Bloomberg Television’s show “That’s Debatable” had an unusual participant on its show broadcasted on October 9. In a debate on the topic “Is it time to redistribute the world’s wealth?”, IBM Watson synthesised thousands of responses and opinions received from the public to incorporate into the debate. IBM Watson used a new natural language processing feature called key point analysis which categorises and summarises thousands of public opinions to a handful of concrete key points.
Key point analysis is basically the next generation of ‘extractive summarisation’ which processes statements in a given text document to summarise the most significant points. It helps in examining large and complex documents to produce a concise list of information which can be acted upon. Key point analysis can help organisations that overload of data from which relevant information needs to be extracted to make data-driven decisions.
IBM Watson and Key Point Analysis
That’s Debatable is a limited series show, hosted by John Donvan, presented by Bloomberg media which features industry leaders, economists, and public intellectuals debating on some of the most pressing socio-political issues. The episode in question had the former U.S. Labor Secretary Robert Reich and former Greece Finance Minister Yanis Varoufakis arguing for the motion, against former U.S. Treasury Secretary Lawrence Summers and Manhattan Institute Senior Fellow Allison Schrager.
To have a larger set of voices and ideas to the debate, the show admitted up to 3,500 submissions from the public online, before the show. Using key point analysis in its Debater technology, IBM Watson identified 1,600 usable arguments and 20 key points among the total submissions. This analysis helped in prompting further discussion and exchange of ideas among the debaters. Using key point analysis, it was found that 56% of the arguments were in favour, and remaining were against it.
Using natural language processing, the IBM system rated the comments for relevancy and discarded opinions which are not in the context of the topic. In this step, all potential keywords which were too long, emotional in tone or incoherent were discarded. Then the system grouped the remaining comments into two broad categories — those in support of the motion and those against it. The comments in each of these groups are distilled to a handful of key points using the language processing algorithm to summarise the gist and omit repetition of the same ideas; this step is the one that generates the actual narrative.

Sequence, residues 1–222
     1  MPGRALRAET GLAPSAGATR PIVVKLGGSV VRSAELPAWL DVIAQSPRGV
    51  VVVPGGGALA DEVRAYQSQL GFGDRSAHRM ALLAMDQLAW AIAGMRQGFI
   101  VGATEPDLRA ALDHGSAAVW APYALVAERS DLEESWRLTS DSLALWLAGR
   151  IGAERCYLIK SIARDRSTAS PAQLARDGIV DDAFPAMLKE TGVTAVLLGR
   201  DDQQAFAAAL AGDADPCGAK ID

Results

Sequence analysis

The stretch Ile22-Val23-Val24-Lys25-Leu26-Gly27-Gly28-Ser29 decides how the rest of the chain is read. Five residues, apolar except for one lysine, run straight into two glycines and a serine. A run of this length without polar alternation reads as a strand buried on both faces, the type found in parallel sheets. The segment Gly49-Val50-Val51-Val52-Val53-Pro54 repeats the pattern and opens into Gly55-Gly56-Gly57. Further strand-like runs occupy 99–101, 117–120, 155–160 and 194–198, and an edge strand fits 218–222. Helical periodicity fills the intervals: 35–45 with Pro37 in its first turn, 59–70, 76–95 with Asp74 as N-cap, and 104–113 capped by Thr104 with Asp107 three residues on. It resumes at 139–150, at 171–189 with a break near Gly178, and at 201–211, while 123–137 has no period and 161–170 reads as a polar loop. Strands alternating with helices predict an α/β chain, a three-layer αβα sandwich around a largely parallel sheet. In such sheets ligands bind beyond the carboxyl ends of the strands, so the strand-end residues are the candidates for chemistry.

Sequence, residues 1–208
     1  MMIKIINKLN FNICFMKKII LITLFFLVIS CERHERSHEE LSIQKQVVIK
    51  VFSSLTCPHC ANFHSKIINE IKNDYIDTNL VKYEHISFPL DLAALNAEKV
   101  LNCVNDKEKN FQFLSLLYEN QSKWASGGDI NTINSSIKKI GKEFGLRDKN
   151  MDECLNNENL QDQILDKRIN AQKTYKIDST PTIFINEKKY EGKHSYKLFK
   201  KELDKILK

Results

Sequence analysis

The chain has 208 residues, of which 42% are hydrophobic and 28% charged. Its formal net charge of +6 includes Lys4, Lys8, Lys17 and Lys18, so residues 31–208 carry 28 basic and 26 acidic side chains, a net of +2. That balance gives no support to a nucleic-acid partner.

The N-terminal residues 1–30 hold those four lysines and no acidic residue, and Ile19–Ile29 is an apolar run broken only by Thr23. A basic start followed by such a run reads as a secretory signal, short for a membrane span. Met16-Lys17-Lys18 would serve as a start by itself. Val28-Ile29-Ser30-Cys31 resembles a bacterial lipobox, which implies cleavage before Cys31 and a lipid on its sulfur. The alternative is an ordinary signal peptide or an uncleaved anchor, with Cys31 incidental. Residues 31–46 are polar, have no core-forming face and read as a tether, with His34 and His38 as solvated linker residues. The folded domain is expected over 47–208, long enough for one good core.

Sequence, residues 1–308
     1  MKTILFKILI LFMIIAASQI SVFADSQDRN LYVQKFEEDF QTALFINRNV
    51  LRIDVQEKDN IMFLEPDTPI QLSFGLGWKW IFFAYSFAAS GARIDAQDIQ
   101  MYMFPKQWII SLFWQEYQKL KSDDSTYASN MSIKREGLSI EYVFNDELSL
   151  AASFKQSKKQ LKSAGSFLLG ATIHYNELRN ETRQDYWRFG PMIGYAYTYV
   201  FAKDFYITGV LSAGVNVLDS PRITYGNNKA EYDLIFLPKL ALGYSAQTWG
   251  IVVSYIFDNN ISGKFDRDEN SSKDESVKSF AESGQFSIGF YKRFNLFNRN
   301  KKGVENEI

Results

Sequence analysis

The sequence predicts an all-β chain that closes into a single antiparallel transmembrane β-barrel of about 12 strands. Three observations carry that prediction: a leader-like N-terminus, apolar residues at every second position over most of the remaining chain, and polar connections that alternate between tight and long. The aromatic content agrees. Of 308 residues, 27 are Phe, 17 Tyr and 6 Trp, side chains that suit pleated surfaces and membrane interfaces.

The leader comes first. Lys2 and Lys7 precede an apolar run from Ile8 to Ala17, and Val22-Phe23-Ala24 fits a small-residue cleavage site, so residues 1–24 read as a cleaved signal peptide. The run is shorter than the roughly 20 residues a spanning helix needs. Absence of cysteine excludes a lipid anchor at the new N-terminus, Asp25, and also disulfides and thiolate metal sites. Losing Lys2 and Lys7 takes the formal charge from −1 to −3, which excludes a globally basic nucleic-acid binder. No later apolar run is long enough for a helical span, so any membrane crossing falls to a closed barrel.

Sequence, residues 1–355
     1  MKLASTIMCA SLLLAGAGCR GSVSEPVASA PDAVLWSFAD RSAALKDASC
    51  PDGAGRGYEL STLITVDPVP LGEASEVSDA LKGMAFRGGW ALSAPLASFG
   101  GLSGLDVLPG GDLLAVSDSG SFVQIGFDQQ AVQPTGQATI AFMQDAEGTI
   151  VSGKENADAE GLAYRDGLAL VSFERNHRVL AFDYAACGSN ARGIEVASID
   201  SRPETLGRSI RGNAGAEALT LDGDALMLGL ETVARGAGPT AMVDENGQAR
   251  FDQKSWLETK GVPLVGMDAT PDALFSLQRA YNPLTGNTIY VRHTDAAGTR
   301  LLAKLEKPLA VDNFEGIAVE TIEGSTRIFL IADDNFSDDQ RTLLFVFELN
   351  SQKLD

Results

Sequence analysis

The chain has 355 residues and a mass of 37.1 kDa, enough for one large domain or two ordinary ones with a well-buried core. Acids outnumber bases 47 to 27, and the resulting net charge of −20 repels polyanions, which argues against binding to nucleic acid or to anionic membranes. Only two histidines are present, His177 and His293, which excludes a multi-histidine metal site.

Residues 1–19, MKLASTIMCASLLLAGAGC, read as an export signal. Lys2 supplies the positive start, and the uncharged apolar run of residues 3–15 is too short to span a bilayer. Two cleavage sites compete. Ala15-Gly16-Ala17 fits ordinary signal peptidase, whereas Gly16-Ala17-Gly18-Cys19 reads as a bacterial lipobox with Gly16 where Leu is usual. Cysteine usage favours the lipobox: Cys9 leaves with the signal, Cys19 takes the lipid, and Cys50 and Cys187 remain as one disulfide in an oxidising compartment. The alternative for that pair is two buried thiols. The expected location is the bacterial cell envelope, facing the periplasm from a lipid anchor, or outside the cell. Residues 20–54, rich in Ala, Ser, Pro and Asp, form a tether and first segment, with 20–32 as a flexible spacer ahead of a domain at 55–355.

Grown out of IBM’s Project Debater research, spearheaded by its Israel-based AI lab, it is hoped that the key point analysis will find applications in conducting market research for companies and for involving citizens in governance. The key point analysis is the upgradation in capabilities first used with Project Debater. The initial project included several NLP capabilities, including understanding English idioms and clustering topics that IBM is integrating into Watson NLP products.
Notably, the original Debater technology of IBM made its debut in 2018 when it competed with a human debater on the topic ‘We should subsidise space exploration’. However, the key point analysis used in the Bloomberg show considers the quantitative nature of the output, whereas the former just summarises the information into a narrative. This quantitative analysis puts forth the prevalence of each key point analysed in the data.
With its participation in the show, IBM has demonstrated how the company is actively investing in advancing Watson’s ability to understand business language and generate insights. Further, from March this year, IBM has introduced the features of Debater technology in Watson Discovery, Watson Assistant, and Watson Core Services, apart from other advanced features such as sentiment analysis, summarisation capabilities, classification of elements in business documents, and advanced topic clustering.
It must be noted that a small section is also critical of new Watson NLP capability. It is being argued that this technology may further push social inequality if used extensively in social analysis.
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I am a journalist with a postgraduate degree in computer network engineering. When not reading or writing, one can find me doodling away to my heart’s content.